LWSO 203 Lecture Notes - Section 33 Of The Canadian Charter Of Rights And Freedoms, Jury Trial, October Crisis

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Constitutional Act 1982 including the Canadian Charter of Rights and Freedoms
1) Constitution Act 1982 3 Key Functions
a) S. 52: Constitution is the supreme law of Canada
b) S. 38: Amendment procedure
c) Part I: Canadian Charter of Rights and Freedoms (1867)
2) Canadian Charter of Rights and Freedoms
a) S. 1: Guarantee of rights subject to some limits
b) Limits must be:
i) Prescribed by law
ii) Demonstrably justifiable
iii) Reasonable in a free and democratic society
c) Oakes test: the two-part legal test for determining if a government action limiting
a right or freedom is saved or justified under s. 1
i) Pressing and substantial objective test: Is the objective of the government
action of sufficient importance to warrant overriding a Charter right?
(pressing and substantial)
Eg. Possession of narcotics
ii) Is the means by which the objective is met reasonable and proportionate
Is the means rationally connected to the objective?
Does it impair the right as little as possible?
Do the negative effects of the violation outweigh the importance of the
objectives?
-is the objective fair and reasonable?
-it must limit the right as little as possible
-are the negative consequences worth it?
Oakes: Possession with the purpose of trafficking
-Thought the fact that he had to prove he was not possessing with the intent of trafficking
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-Double aspect doctrine: certain areas of law can be linked to provincial head of power and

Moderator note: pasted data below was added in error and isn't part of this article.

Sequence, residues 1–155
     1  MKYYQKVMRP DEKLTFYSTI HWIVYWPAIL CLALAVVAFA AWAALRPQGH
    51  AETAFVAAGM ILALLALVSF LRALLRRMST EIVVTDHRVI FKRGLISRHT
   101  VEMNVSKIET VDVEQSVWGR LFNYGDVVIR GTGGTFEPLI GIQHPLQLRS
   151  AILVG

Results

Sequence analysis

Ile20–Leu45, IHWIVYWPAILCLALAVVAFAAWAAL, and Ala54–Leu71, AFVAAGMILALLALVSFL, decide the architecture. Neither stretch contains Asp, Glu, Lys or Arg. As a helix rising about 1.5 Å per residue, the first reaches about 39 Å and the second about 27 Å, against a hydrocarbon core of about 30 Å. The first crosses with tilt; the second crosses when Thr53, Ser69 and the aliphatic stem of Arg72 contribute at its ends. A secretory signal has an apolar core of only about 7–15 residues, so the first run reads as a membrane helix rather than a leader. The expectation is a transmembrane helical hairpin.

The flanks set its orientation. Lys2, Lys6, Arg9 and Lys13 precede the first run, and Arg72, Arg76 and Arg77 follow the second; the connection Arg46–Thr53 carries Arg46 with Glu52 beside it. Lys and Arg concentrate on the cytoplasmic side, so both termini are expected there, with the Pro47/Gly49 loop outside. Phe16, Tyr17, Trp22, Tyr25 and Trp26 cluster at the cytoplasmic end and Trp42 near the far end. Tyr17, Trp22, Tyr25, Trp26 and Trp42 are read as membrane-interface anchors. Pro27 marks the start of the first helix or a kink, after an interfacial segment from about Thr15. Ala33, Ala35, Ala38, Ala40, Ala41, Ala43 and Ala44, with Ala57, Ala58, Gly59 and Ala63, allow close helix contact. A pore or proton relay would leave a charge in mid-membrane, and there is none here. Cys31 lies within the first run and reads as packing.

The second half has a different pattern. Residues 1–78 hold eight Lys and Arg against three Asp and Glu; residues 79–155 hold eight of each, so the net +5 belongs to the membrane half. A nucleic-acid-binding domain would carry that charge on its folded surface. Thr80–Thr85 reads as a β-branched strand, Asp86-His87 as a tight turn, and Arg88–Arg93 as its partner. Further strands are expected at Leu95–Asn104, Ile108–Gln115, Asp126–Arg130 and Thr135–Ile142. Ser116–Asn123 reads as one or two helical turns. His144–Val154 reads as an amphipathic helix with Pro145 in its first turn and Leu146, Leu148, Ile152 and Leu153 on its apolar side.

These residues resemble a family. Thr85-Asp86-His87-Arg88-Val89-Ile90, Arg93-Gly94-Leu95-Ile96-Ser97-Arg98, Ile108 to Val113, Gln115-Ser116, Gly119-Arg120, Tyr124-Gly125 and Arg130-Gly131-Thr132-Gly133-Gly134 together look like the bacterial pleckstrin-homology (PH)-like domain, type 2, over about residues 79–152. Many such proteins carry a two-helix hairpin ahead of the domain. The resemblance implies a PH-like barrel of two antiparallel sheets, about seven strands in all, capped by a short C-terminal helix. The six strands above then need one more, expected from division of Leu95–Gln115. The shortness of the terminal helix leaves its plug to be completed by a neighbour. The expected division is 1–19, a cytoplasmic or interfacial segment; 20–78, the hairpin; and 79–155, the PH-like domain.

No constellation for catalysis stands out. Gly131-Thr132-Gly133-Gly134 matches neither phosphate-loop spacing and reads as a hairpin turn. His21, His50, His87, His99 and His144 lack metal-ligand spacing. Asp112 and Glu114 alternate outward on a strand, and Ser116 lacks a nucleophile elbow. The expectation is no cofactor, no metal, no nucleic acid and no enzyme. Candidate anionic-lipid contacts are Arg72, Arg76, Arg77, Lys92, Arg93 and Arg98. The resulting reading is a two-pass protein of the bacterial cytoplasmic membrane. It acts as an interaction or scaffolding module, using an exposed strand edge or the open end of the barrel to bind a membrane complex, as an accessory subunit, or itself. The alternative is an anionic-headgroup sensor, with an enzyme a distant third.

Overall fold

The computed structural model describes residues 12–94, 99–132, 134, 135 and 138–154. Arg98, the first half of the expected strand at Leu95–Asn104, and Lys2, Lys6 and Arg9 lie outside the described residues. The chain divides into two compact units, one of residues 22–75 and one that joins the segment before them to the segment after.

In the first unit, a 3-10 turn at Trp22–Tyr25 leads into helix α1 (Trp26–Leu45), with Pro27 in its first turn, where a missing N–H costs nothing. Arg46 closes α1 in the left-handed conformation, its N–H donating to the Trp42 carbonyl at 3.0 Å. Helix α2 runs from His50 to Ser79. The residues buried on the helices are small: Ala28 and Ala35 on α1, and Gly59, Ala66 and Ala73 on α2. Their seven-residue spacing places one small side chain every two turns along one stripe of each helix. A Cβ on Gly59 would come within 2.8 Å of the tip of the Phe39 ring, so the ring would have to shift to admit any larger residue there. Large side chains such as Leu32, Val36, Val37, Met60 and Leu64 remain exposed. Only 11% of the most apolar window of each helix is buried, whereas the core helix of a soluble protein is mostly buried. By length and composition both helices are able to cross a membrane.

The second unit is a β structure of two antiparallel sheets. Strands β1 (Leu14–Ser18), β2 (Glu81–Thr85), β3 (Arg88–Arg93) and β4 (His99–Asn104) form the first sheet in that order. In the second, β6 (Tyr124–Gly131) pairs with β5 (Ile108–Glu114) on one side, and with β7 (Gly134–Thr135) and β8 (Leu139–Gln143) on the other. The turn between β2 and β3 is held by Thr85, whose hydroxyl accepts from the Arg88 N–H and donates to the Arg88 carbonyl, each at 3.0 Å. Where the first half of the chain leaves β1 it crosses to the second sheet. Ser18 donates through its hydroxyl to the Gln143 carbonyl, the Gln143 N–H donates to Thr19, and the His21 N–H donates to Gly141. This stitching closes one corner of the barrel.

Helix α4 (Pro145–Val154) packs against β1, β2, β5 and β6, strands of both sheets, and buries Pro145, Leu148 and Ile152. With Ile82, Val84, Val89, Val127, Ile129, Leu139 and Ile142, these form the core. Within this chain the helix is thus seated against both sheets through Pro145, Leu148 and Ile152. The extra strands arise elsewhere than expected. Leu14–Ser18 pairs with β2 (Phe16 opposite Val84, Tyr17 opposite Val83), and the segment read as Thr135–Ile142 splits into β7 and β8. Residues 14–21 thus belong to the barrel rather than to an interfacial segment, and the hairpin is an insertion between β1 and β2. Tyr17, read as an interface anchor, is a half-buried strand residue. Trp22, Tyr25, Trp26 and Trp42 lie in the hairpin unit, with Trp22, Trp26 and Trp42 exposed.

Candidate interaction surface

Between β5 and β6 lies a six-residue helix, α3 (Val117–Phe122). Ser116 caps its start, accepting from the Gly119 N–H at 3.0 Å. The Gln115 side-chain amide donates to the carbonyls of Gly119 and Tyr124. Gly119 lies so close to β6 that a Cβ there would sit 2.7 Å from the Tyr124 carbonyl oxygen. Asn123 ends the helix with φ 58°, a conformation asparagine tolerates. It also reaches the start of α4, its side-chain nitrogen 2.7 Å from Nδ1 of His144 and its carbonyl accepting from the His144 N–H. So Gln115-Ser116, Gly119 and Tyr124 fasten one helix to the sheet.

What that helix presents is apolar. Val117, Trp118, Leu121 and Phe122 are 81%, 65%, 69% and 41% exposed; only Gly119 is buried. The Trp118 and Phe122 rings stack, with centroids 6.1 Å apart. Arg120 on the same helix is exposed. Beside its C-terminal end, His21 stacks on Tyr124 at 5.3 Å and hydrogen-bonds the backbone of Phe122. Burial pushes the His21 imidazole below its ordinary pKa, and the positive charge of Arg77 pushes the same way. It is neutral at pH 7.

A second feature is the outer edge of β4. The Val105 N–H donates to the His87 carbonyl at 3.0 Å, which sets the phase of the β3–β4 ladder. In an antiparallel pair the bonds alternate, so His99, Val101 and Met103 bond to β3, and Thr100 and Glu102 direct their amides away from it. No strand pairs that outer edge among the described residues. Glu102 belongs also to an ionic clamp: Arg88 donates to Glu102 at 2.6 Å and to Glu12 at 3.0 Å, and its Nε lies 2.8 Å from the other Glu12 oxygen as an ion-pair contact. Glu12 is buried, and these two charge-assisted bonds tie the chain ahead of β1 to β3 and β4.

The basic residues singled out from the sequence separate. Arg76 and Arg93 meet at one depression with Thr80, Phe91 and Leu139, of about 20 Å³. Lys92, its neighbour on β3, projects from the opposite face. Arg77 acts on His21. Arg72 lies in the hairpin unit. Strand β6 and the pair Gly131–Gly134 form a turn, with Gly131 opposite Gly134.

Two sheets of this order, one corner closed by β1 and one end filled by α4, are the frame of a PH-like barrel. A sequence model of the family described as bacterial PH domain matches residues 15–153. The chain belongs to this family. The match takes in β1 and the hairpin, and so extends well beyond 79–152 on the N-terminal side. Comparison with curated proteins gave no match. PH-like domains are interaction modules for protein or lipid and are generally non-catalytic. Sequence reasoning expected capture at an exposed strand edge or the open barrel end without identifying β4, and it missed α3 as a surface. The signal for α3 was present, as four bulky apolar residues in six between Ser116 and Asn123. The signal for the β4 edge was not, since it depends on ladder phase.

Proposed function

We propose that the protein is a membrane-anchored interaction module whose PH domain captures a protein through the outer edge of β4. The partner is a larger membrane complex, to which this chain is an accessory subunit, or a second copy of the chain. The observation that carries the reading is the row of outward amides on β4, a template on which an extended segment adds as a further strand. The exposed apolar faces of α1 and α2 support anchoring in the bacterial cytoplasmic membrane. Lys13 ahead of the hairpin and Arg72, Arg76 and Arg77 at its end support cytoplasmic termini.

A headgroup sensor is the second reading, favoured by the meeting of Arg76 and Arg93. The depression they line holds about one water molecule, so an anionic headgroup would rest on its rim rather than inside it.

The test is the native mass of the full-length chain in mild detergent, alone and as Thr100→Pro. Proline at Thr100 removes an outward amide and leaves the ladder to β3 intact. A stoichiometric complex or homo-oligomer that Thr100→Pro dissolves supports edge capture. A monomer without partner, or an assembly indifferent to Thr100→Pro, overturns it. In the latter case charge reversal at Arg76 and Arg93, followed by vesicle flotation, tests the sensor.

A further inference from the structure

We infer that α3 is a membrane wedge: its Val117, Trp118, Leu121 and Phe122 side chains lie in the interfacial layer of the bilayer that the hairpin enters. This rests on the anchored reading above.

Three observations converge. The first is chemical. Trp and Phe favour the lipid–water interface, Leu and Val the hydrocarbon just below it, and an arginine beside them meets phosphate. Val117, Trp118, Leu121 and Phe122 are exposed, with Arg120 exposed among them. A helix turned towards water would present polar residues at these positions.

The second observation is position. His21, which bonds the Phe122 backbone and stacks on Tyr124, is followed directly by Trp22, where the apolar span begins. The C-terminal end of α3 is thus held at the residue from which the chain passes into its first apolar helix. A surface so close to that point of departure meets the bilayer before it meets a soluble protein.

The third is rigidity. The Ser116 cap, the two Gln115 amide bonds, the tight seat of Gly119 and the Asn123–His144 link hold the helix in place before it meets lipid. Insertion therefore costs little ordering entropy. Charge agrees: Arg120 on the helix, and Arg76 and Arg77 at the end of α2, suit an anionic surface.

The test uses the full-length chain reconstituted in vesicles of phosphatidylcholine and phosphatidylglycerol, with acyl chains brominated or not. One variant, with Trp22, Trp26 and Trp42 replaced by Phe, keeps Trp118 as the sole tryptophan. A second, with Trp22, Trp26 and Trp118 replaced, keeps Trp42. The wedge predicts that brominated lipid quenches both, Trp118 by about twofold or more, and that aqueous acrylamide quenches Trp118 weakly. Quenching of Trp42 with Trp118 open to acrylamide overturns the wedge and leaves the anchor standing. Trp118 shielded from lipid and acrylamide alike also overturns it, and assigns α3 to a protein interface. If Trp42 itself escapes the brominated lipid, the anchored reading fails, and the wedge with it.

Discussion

federal (e.g. environmental areas)
paramountcy: federal government overpowers provincial legislation
Secs. 91 & 92
Patriation of Constitution:
1851-Statute of Westminister
Protection of Human Rights (and minority groups) within nations
-civil rights movement in USA
-1948 Declaration of The Rights of the Person
-Canadian Bill of Rights
-Quebec’s desire for Sovereignty (1960’s-1970’s FLQ Crisis)
-Aboriginals, minority and Quebecois were looking for protection of rights
Constitution:
Pt.1 CCRF
Pt.2 Aboriginal and Treaty Rights
3) Fundamental Freedoms S. 2 of CCRF
-core to our being and democracy
-personal views define who people are
-key to a functioning democracy
-negative right: somebody doesn’t have a duty to provide to you (Sec. 2 are negative)
-positive right: someone has a duty to provide to you
a) Freedom of conscience and religion
-Religious beliefs
-Conscientious beliefs that aren’t religious
-Right to openly declare beliefs and without fear of reprisal
-The right to manifest those beliefs through worship, community worship with
others
- Freedom of thought, belief, expression, including freedom of the press
-debate issues in public
-freedom of the press
-freedom to express it through any forms
expression: an activity that conveys or attempts to convey meaning except acts or
threats of violence
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Document Summary

Constitutional act 1982 including the canadian charter of rights and freedoms: constitution act 1982 3 key functions, 52: constitution is the supreme law of canada, 38: amendment procedure. Part i: canadian charter of rights and freedoms (1867: canadian charter of rights and freedoms, 1: guarantee of rights subject to some limits. Limits must be: prescribed by law, demonstrably justifiable, reasonable in a free and democratic society. Possession of narcotics: is the means by which the objective is met reasonable and proportionate. It must limit the right as little as possible. Thought the fact that he had to prove he was not possessing with the intent of trafficking. Double aspect doctrine: certain areas of law can be linked to provincial head of power and federal (e. g. environmental areas) paramountcy: federal government overpowers provincial legislation. Protection of human rights (and minority groups) within nations. 1948 declaration of the rights of the person. Aboriginals, minority and quebecois were looking for protection of rights.

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